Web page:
Magazine article The Spectator

The Line to Nowhere

Magazine article The Spectator

The Line to Nowhere

Article excerpt

In June last year I predicted in these pages that the government would allow High Speed 2 to die a quiet death. Although the government has since reaffirmed its commitment to the proposed railway line, I am sticking to my prediction. Indeed, if the line is ever built I will book a ticket on the first train out of Euston and consume my hat in the dining car.

How can I be so sure? Because the projected costs of the project are now so ridiculous that it cannot possibly go ahead. Even before George Osborne, in his spending review in June, added another £8 billion to the estimate cost of HS2, the project had a feeble and a deeply flawed benefit-to-cost ratio of 1.4:1. As a suppressed Department for Transport report, finally disclosed in a freedom of information report last summer, made clear, most of the supposed benefits of HS2 are based on the false assumption that businessmen do not use their time sitting on trains productively. But with the new costings even the flawed benefit-cost ratio falls to just above one: the level at which the cost to the public purse equals the forecast benefit to the economy. And that is assuming that you believe the new costings. Many do not. This week the Institute for Economic Affairs published an analysis which, including all the related projects required to make HS2 funct ion , such as another Crossrail from Euston, brings the project to close to £80 billion. The record of HS1 (the Eurostar line through Kent) does not bode well: in 1985, when first proposed by British Rail, it was costed at £1 billion at current prices. It eventually cost £11 billion.

The National Audit Office, too, is deeply sceptical about the justification for HS2. It produced a scathing report in May attacking the 'lack of clarity' about the objectives of the project. The government immediately dismissed the report as 'out of date' (w hich it was only to the extent that George Os borne's upwards-revised costings had not been published). For a government committed to eliminating the deficit - which preaches austerity on virtually every other area of government spending - it was an astonishing attitude.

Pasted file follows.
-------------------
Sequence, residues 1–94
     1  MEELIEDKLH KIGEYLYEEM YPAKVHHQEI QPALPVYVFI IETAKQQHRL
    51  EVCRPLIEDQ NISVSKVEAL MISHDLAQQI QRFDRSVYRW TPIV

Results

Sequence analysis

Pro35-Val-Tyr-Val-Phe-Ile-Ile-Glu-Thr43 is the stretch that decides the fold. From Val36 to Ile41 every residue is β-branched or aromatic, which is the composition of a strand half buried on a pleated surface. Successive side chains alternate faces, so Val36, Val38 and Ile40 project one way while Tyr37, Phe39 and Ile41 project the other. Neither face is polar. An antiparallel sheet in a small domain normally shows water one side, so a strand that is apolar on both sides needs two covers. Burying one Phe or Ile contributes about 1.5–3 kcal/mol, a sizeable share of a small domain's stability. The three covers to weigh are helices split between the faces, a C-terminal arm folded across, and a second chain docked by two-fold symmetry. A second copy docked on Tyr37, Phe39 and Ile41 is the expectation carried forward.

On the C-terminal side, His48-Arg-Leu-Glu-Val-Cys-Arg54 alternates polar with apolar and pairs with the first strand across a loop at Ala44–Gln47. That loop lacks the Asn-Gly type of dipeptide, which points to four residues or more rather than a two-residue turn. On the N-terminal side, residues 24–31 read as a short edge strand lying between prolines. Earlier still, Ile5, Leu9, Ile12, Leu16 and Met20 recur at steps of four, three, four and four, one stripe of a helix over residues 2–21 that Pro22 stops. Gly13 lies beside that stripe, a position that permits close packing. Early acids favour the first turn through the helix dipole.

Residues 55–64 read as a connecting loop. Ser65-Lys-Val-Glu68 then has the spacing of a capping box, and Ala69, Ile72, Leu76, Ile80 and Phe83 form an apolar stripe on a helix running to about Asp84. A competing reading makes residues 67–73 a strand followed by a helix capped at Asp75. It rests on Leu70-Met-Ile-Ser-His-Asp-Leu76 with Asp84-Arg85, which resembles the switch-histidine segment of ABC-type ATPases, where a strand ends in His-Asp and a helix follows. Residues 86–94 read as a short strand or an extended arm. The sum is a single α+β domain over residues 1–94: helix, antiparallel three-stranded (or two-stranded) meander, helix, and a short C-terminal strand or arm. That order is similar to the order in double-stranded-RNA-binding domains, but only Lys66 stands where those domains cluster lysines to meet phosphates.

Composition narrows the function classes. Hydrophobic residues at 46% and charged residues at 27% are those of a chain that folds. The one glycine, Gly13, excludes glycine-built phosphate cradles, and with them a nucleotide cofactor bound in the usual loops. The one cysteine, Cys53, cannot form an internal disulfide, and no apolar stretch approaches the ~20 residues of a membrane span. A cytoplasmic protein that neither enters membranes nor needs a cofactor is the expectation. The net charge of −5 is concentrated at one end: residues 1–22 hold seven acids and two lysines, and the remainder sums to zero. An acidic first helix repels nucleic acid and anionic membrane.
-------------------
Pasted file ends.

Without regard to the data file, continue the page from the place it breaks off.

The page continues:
Just why are high-speed railways allowed to break every rule in the fiscal book? In a report on transport investment policy for the then Labour government in 2006, Sir Rod Eddington caught it perfectly. 'The risk is that transport policy can become the pursuit of icons, ' he wrote. 'Almost invariably such projects - "grands projets" - develop real momentum, driven by strong lobbying. The momentum can make such projects difficult - and unpopular - to stop, even when the benefit-cost equation does not stack up, or the environmental and landscape impacts are unacceptable.'

It is a conclusion at which other countries are gradually arriving, having themselves invested billions in high-speed rail. Last month the Hollande government cancelled a planned TGV line from Paris to Nice, declaring that the money would be better invested in existing railways, whose poor condition was soon afterwards highlighted by a crash caused by badly maintained rails in the Parisian suburbs. The Spanish high-speed rail system has failed to attract anything like the passenger numbers predicted. The economic case for a proposed line from San Francisco to Los Angeles has been undermined as costs have grown and the planned sections of the line have been chopped, so that it is now unlikely to happen. …

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